Syrian Legal Platform

Restricted Freedoms and Religious Extremism

Mutaz Obeid – SY24

For the past five decades, Syrians have lived under a totalitarian regime that has succeeded in excluding all those in opposition, after the Baath Party came into power by force through the military coup of 1973.

Throughout all those years, the ruling party was violating international human rights standards. Journalist Hafez Qarqout told SY24 “when the Baath Party came into power and formed a totalitarian regime, it started a process of eliminating all civil society activities, especially the political one. It eliminated all other parties, imprisoned their members and prohibited them from practicing any of their activities.”

In 2010, Human Rights Watch organization published a report on the human rights situation in Syria that mentions the arrest of 92 political activists; the organization pointed out that this was not a complete list. These statistics, however, have drastically changed after the start of the popular revolt in Syria in 2011, as the number of people arrested reached 105 thousand, according to the Syrian Human Rights Network, not to mention the number of people who have died in regime prisons, which have reached 13 thousand prisoners who have been executed in a prison associated to the Syrian government, according to a report issued by Amnesty International in 2017, under the name “human slaughterhouse.”

In light of the brutal repression of the popular movement, various militias have been created to confront the regime’s repression; but the extremist ideology was able to penetrate popular movements, taking advantage of the existing security chaos. These extremist movements started spreading their ideology and taking control of areas using people’s religious sentiments and sectarian belongings.     

Qarqout considers that “the political and sectarian extremism that the Baath Party promoted has contributed to the emergence of extremist movements after the start of the revolt, and that people’s adoption of extremist thought at the start was only a means of self-defense after the regime used the most brutal methods of suppression and murder.” adding that “extremism is the other face of the oppressive authority; they both defend each other based on their interests.” 

There are no accurate statistics on the number of members associated with movements that have been listed as terrorist groups in Syria, but the US organization SOFAN indicates that the number of extremist group members is between 20 to 30 thousand fighters from various nationalities.  

These extremist groups, such as ISIS and Alnusra, have repressed the freedoms of those who oppose them in a terrorist way that has reached in some cases imposing taxes on people of other religions, and captivating women due to their religious backgrounds. The existence of those groups has become an obstacle in front of many journalists and media outlets trying to cover news events in Syria.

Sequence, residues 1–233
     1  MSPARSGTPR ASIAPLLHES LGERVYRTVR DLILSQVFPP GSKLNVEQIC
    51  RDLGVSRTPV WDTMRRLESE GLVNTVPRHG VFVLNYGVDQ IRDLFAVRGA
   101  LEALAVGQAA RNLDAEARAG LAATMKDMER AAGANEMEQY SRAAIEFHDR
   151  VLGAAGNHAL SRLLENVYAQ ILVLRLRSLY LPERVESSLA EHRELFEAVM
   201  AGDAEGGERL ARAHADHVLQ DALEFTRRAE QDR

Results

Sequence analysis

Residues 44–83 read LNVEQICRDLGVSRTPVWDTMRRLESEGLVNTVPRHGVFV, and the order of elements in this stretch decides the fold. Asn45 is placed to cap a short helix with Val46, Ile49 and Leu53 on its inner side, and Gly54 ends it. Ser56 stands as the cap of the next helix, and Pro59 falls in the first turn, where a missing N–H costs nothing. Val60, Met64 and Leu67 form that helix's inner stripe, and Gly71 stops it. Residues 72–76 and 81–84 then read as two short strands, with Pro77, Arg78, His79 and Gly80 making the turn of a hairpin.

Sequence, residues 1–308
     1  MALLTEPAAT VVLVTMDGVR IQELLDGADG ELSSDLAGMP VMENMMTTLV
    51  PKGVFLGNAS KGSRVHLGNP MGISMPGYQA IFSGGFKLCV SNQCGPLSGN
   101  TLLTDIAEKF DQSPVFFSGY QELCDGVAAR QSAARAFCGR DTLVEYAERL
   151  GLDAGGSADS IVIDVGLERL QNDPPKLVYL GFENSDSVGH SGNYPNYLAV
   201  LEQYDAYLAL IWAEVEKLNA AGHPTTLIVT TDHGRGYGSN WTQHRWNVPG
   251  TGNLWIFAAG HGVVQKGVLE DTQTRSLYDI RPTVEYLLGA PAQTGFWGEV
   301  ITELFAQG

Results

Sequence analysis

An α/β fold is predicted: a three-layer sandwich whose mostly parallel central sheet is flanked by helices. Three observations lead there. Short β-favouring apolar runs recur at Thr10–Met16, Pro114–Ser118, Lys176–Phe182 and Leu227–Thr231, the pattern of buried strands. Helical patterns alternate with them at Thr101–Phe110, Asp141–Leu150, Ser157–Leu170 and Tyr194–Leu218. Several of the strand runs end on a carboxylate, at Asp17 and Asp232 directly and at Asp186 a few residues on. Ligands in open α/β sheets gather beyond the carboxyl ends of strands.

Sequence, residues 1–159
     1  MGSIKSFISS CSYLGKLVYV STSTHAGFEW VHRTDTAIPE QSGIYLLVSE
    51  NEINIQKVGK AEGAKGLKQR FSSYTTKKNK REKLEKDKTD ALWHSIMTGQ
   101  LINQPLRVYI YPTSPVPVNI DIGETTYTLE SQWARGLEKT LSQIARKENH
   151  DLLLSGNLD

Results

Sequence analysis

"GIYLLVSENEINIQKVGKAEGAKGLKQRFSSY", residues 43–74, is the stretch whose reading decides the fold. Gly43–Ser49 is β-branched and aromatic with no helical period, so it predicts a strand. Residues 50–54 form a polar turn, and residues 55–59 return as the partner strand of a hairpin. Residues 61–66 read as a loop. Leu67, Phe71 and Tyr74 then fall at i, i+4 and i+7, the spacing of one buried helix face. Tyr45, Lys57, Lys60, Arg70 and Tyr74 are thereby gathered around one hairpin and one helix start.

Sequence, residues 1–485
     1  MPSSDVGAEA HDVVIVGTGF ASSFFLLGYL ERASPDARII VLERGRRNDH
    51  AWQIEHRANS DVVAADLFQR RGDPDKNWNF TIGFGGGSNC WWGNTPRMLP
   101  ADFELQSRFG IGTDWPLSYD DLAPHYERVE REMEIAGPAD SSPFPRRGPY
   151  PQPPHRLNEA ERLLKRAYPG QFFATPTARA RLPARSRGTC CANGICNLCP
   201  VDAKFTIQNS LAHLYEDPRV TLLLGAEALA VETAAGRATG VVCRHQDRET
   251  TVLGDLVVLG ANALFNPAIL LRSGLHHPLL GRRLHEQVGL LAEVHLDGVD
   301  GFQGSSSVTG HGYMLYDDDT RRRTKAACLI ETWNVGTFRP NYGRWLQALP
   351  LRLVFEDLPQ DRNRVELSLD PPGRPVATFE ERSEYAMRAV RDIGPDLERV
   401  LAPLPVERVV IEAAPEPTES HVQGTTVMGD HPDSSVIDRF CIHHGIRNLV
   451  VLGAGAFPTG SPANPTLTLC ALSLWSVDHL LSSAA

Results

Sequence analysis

An activist who preferred to stay anonymous told SY24 “those movements don’t differ from the regime in their approach; they also violate civil rights of everyone who opposes them; they restrict freedoms and refuse the existence of any groups that do not share their extremist ideology.” he also added that “extremist groups, such as ISIS and AlQaeda, prevent the entry of anyone coming from the regime areas into the cities under their control, and they have confiscated people’s properties under this pretext. Regime forces use this same approach as well with whoever opposes the regime.”

With so many different forces conflicting in Syria now, and the restrictions of freedoms that Syrian civilians are facing by all conflicting parties, journalist Samer Alahmad said “relaunching a peaceful civil movement with new objectives might help us reach the civil state that the March revolution initially called for.”

Although the Syrian crisis has entered its eight year, international forces are still unable to hold accountable those who are responsible for the atrocities, and put an end to the violations being committed against the Syrian people.

Alahmad considers that Syria is heading towards a policy of territorial divisioning, depending on the distributions of power, although Syrians are still dreaming of a  democratic civil state.

The 8 years of war have caused the death of over 200 thousand civilians, and the forced displacement of about 13.5 million people as a result of the military operations being carried out by the conflicting parties, amid an international silence that reflects the international community’s real intentions; which made Syrians lose trust in all international values and principles. Syrians now see all the international parties conflicting in Syria as partners to the crime.

This human rights article was published with the support of the United Nations Democracy Fund (UNDF) and the Canadian organization Journalists for Human Rights (JHR).